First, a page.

-   Have bowl on hand in case of vomiting
   -   Dissolve 5 tablets Arnica Montana 30C under tongue to help prevent bruising/soreness after birth
   -   Additional Rescue Gum or Chamomile Tincture for birth attendants
   -   Encourage mom to try different positions and low back massage for pain relief
   -   Warm or Cool Washcloth compress for forehead
   -   Encourage and remind mom to loosen muscles and not to tense up

Pushing/Birth -
   -   Encourage to “breathe baby out” rather than actively pushing to reduce risk of tearing. WARNING- She may not appreciate any “suggestions” at this point.
   -   Pushing during contractions is important to help with pain and reduce risk of tearing.
   -   Visually check for baby’s position if possible. If the baby is not head down, the baby should NOT be handled or turned in any way before the head is delivered to prevent injury to baby. In this situation, it is important that baby should be born without interference. This is not an emergency or complication; just a variation of normal.
   -   If umbilical cord is wrapped around baby’s neck, cord can be gently slipped over baby’s head.
   -   Baby should be placed face down on mother’s chest after birth.
   -   It is normal for baby not to cry or breathe immediately after birth. It is also normal for baby to be Pink, Blue, or Purple at birth. The umbilical cord will continue to transfer oxygen to baby until baby can breathe on his or her own. If baby is not pink at birth, the bottoms of the feet and back can be massaged to stimulate breathing. If baby is Grey or White, baby’s mouth and nose can be aspirated with bulb suction along with massage. If baby is limp and does not respond to massage and suction, breathe gently into baby’s mouth to stimulate breathing reflex.
   -    Umbilical cord should not be cut until placenta has been delivered and cord stops pulsing.
   -   Placenta should be checked to make sure it is whole and no pieces were retained in the uterus.
   -   Breastfeeding baby at this point will stimulate the release of the hormone oxytocin which will help the placenta detach from the uterus. It’s normal for baby not to want to nurse right away if baby has swallowed amniotic fluid, etc.
   -   Shepherd’s Purse Tincture can be given after birth to help with bleeding. Dosage is 40 drops into a small cup of cold water.
   -   If part of placenta is retained in the uterus, 5 Sabina 30c tablets or piece of placenta may be dissolved under tongue for treatment of hemorrhage.

After Birth/Baby -
   -   After cord has stopped pulsing and placenta has been delivered, umbilical cord should be tied with a square knot about 4 inches away from baby and tied again about 2 inches higher (towards placenta). Cord can be cut between the two ties.
   -   A Square knot is made by bringing the left end of the tie over the right end for the first loop and the right end over the left end to form the second loop; both loops tightened. The resulting knot is square-shaped.
   -   Bed should be prepared for mom with waterproof pad and warm blanket.
   -   Baby should be gently rinsed with clean warm water. Vernix (white waxy substance) should be massaged into the skin (protects and heals the skin).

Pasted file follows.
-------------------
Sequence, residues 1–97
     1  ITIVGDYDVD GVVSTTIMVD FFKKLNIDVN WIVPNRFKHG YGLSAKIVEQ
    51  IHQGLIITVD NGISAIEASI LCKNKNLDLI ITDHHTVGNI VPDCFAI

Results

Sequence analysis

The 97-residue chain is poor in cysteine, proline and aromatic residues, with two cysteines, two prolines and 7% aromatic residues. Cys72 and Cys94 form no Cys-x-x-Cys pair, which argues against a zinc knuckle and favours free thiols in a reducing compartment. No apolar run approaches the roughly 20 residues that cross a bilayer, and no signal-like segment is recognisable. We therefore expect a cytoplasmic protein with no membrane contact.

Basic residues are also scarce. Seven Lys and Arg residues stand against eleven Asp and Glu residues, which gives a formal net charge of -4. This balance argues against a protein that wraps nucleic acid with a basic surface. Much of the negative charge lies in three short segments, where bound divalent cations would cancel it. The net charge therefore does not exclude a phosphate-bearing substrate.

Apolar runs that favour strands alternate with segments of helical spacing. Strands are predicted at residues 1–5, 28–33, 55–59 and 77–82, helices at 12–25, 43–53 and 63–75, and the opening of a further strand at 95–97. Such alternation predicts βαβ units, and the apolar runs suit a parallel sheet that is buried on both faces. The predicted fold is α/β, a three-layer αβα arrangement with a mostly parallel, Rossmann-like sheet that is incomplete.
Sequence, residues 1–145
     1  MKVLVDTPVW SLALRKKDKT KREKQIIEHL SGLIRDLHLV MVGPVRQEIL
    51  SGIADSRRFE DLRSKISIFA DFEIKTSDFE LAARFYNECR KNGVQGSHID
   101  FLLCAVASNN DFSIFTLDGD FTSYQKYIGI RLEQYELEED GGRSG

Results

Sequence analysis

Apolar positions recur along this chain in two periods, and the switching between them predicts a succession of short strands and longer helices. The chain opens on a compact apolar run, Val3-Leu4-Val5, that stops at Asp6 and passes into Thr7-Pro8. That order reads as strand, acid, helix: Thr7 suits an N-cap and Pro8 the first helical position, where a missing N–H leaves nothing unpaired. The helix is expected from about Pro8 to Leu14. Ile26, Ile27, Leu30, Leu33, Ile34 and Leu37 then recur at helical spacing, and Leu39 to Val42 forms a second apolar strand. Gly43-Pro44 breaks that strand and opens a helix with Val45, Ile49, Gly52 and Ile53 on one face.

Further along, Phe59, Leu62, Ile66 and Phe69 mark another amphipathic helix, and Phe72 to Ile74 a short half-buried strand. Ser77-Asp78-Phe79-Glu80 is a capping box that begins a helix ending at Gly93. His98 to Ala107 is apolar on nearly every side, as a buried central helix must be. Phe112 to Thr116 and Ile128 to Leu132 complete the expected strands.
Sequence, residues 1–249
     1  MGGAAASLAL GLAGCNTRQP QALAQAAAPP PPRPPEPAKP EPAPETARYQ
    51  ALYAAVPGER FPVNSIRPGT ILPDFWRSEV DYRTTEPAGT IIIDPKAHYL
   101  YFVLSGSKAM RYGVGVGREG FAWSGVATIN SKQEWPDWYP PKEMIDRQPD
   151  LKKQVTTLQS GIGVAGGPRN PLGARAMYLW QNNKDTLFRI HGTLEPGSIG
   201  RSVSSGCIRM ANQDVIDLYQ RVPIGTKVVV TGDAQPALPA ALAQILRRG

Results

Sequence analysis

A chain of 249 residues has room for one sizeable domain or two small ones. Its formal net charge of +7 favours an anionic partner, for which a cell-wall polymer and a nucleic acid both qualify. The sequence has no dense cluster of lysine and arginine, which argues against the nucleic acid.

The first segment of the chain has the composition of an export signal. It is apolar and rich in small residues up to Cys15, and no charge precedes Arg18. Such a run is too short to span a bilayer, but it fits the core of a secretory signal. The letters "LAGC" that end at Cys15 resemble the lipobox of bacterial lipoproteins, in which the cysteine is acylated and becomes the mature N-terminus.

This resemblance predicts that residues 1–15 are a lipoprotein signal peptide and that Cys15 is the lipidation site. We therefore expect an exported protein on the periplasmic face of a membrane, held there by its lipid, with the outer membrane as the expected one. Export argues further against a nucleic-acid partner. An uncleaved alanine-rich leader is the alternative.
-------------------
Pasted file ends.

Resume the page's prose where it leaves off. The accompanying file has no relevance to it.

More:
-   Baby can be dressed in warm clothes, and weighed and measured at leisure.

Placenta -
   -   Placenta should be placed in strainer to be rinsed in the kitchen sink after birth.   
   -   Placenta can be stored safely in an airtight container for up to 24 hours in the refrigerator or may be frozen before use if necessary.
   -   After rinsing and removing membranes and remaining umbilical cord, placenta should be cut into small, thin(ish) pieces to aid in the drying process. Rubber or Latex Gloves are probably a good idea.
   -    Spread placenta pieces onto baking sheet and put in oven on the lowest setting overnight.
   -   Placenta will look like charred blobs when finished drying. Pieces should crack apart easily and not “bend” if totally dry.
   -   Once Placenta is dry, it can be stored in a cool, dark place until ready to use.
   -   Placenta should be ground into a powder and can then be encapsulated or stored as a powder to be added to smoothies or juices later. 

Disclaimer: The information on this site is not intended or implied to be a substitute for professional medical advice.

Sources and additional information:
Stages of Labour
Information about Placenta Benefits
A Simple Guide to Emergency Childbirth

Friday, December 16, 2011

Unassisted Birth Story: Evelyne Francis

Nov 1, 8AM My husband and I woke up and started making breakfast, Layla still sound asleep in bed.
I was feeling some light contractions about 3 minutes apart but it took me about 30 minutes to realize what was happening and to tell Rob that I *might* be in labor.
We decided that if I *was* really in labor, I'd better get my rest while I could so I went back to sleep in between contractions.

When Layla woke up, Rob fed her breakfast and played with her while I was in and out of sleep.
I got up around 11am and finally decided I was REALLY in labor. Contractions were about 4-5 minutes apart at that point.
I got in the bath and rested between contractions. It's amazing how the body goes into a kind of self preservation sleep-mode between contractions (or at least that's what I experienced with both of my labors).